What is Thrombocytopathy in Dogs?
Thrombocytopathy refers to a blood disorder involving abnormal platelets. Platelets are a blood component whose function is to control bleeding when there’s been injury or damage to blood vessels. Thrombocytopathias may be acquired or inherited with the former more common than the latter for most dogs. The one exception would be von Willebrand’s disease which is an inherited condition found in a number of breeds including the Doberman Pinscher and Greyhound.
Acquired thrombocytopathia is usually either drug induced or secondary to diseases such as coagulation disorders, infectious agents, or immune mediated diseases. Certain snake venoms can also cause platelet dysfunction, as can cancer.
What are some signs of thrombocytopathy?
One or more of the clinical signs which might be seen with this condition typically involve hemorrhage including, but not limited to:
- melena (blood in the stool)
- hematuria (blood in urine)
- epistaxis (nose bleed)
- petechial or ecchymotic hemorrhage (rash on the skin secondary to bleeding)
- prolonged or excessive bleeding at venipuncture (collection of blood from a vein)
- surgical sites
- prolonged buccal (cheek) mucosal bleeding time.
How is thrombocytopathy diagnosed?
Diagnosis of acquired thrombocytopahy is often challenging since there currently are no specific tests for it. If there are other coagulation deficits or thrombocytopenia (a low platelet count), then a specific thrombocytopathia may not be diagnosed. This condition is suspected when there is a bleeding disorder despite a normal clotting profile and a normal platelet count. In these animals, a prolonged buccal (cheek) mucosal bleeding time longer than 4-5 minutes is supportive evidence of a thrombocytopathy.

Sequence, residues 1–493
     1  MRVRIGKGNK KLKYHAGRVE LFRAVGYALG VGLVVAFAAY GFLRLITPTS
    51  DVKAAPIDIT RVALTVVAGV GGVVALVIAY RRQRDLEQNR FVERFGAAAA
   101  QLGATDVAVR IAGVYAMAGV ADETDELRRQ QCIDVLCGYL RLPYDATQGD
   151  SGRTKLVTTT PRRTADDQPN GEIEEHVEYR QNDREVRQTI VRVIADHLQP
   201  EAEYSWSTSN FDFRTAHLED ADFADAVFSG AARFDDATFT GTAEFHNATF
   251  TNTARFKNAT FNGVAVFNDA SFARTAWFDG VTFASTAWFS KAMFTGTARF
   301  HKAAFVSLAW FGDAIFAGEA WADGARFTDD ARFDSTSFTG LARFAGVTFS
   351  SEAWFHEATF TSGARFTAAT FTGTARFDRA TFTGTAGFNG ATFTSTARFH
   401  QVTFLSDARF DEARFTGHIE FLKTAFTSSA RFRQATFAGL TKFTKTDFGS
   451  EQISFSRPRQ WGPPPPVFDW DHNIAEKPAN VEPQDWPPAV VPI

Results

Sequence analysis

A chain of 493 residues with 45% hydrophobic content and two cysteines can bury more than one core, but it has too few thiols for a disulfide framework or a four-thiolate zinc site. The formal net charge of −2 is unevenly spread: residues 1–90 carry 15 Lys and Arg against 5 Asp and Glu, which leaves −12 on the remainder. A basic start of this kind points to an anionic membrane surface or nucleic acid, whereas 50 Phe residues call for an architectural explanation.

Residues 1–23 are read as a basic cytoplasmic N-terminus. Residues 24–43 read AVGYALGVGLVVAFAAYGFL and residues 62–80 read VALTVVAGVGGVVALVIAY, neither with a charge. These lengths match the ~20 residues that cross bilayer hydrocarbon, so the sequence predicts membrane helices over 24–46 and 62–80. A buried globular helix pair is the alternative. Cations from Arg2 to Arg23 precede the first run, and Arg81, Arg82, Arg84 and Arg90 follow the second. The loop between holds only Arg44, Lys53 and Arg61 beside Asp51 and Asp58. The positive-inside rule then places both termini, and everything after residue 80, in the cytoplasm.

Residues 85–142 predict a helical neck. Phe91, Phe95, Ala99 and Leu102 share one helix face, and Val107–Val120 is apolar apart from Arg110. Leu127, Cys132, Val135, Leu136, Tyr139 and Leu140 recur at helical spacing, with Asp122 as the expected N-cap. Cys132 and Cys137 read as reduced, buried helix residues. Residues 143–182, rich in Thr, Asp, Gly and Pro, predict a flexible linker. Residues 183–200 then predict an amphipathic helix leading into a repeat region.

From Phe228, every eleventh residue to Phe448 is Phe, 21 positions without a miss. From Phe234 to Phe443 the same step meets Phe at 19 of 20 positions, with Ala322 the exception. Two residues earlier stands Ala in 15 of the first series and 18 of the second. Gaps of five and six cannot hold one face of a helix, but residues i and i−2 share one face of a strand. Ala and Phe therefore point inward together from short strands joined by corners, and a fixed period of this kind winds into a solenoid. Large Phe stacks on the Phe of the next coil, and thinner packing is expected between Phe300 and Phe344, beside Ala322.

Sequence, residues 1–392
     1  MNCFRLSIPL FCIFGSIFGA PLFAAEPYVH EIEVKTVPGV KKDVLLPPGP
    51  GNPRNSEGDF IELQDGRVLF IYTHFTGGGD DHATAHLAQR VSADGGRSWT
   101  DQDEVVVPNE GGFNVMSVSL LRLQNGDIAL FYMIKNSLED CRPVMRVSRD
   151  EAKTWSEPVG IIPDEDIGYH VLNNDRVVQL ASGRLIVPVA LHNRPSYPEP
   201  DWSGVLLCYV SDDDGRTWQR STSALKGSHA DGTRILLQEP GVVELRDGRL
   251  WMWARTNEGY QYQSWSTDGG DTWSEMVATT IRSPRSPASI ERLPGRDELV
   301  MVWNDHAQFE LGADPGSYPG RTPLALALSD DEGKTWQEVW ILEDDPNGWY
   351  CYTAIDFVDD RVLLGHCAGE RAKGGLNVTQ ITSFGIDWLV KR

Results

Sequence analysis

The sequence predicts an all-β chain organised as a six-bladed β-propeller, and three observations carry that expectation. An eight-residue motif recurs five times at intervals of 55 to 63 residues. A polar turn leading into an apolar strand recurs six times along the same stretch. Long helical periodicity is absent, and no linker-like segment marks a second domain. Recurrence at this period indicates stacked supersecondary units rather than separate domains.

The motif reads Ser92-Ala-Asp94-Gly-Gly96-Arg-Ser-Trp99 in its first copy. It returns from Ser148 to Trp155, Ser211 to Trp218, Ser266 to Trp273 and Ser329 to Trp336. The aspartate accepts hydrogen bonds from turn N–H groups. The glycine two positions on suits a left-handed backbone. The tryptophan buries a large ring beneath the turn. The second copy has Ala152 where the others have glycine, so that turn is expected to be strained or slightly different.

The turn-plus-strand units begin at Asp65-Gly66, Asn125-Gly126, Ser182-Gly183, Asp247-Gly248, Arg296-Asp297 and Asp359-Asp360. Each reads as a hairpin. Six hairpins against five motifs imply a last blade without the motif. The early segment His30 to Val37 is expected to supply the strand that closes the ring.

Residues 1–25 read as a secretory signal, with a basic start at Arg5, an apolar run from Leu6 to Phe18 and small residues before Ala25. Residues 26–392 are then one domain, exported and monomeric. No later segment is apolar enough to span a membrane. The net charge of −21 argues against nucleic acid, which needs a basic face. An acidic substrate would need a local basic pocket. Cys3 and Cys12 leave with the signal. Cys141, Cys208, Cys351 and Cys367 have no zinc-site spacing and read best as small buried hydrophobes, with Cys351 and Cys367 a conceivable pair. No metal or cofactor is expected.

Direct DNA testing can currently be done for the five different mutations which cause vonWillibrand’s disease, the inherited form of thrombocytopathy.
How to treat thrombocytopathy?
Treatment depends, of course, on the underlying cause. For example, in dogs with an acquired form from a drug should discontinue the medication. If secondary to disease, then the causative condition needs to be diagnosed and should be treated, if possible.
Blood transfusions may be necessary for some patients.
There are no at-home treatment options for either the acquired or inherited form of this condition.
What is the prognosis for thrombocytopathy?
Some patients are unlikely to develop any serious bleeding problems while others will experience more severe.
- If drug induced or infectious, the prognosis is excellent for a full recovery once the offending medication has been discontinued or the infectious disease is appropriately treated.
- The prognosis may be more guarded for those patients with immune mediated disorders.
- For those patients diagnosed with von Willebrand’s disease, the prognosis varies depending on the severity of the condition.
How to care for dogs with thrombocytopathy?
There are several things which can be done for these patients regardless of whether their condition is acquired or inherited.
- minimizing injections into the muscle and under the skin
- restrict activity during a bleeding episode
- avoid hard food to prevent gum bleeding
About the Author:
Dr. Deb has been an Expert on JustAnswer since June 2011 with over 6,700 satisfied customers.
Dr. Deb earned her VMD from the University of Pennsylvania’s School of Veterinary Medicine and graduated in 1986. She has been a practicing veterinarian for 30 years with her primary focus being dogs and cats. She has worked with local animal shelters and was involved with the Trap, Neuter, Release programs. She has been involved in breeding and showing dogs for over 20 years. In her spare time, she enjoys gardening, canoeing, biking, hiking and anything outdoors.